Today's Ebola scare takes place on the high seas for a change — a Carnival cruise ship was turned away from Cozumel, Mexico, after identifying a potential Ebola risk on board.
The cruise ship is carrying a Texas health care worker who handled the lab samples of Thomas Duncan, the first person to be diagnosed with Ebola in the U.S. The worker has isolated herself on board the ship, and the vessel is returning to Galveston, Texas after being denied entry by Mexican authorities.
Fortunately, according to the U.S. State Department the isolated traveler has shown no symptoms in the 19 days since she handled the samples. Ebola has an incubation period of 21 days.
A KMGH reporter on board the ship says the passengers have kept relatively calm.
KMGH REPORTER ERIC LUPHER: "I wouldn't say there's any panic going on on the boat, but at the same time what are you going to do, jump off the boat? There's nothing you can do. I think everyone's just kind of talking about it and waiting to get home, now."
But even if — as is likely the case — this scare does turn out to be a false alarm, it is raising some questions about the Ebola response. Well, just one question, really.
WOLF BLITZER ON CNN: "Some are already saying, why was she on this ship to begin with?"
ANDREA MITCHELL ON MSNBC: "People are raising questions about why she was even permitted to travel."
GRETCHEN CARLSON ON FOX NEWS: "A lot of people are asking, why was she allowed to travel in the first place on that ship?"
At the time the worker left Texas, CDC guidelines only required people who came in contact with Duncan to self-monitor their condition — they were free to travel if they didn't report any Ebola symptoms. And that's something Texas Governor Rick Perry isn't happy about.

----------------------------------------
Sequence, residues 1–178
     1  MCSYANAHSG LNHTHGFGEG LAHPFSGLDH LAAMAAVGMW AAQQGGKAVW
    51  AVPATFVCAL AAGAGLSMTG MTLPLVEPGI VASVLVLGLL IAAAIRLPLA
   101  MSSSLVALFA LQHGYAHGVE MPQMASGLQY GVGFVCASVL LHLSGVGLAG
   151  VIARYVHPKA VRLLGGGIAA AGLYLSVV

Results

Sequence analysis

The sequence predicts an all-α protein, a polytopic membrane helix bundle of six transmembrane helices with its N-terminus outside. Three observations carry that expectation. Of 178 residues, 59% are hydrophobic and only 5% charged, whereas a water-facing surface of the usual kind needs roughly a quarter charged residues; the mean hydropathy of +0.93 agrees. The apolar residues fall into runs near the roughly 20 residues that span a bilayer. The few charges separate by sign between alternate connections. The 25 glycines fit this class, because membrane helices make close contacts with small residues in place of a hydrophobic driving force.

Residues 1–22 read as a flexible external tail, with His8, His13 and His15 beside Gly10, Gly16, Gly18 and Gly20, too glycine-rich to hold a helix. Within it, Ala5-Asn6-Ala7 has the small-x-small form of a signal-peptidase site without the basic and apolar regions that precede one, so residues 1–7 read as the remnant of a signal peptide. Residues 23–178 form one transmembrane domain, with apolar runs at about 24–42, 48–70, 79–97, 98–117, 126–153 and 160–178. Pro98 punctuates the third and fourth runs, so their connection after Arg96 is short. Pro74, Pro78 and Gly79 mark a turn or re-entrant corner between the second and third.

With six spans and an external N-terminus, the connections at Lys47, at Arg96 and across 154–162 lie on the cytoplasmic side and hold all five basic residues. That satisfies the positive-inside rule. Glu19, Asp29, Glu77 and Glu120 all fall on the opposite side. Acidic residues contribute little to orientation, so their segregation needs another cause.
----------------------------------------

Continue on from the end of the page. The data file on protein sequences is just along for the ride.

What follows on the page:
GOV. PERRY VIA KTVT: "It defies common sense from my perspective that has been in close proximity or has treated these patients ... that they would travel out of state, that they would go on a cruise."
Gov. Perry and the state's health agency imposed new, voluntary travel restrictions Friday, asking anyone who helped treat Thomas Duncan to avoid public places and transportation until the 21 day period is up. The order isn't mandatory, but anyone who violates it could face quarantine measures.
Perry's also joined the growing chorus of lawmakers asking President Obama to enact travel bans on countries with severe Ebola outbreaks — an idea both the CDC and the administration have resisted as counterproductive and difficult to enforce.
Two other health care workers who came in contact with Duncan are being treated for Ebola. One of the afflicted workers boarded two flights before being diagnosed; the CDC is currently hunting down and monitoring the passengers of both flights.
This video contains images from Getty Images.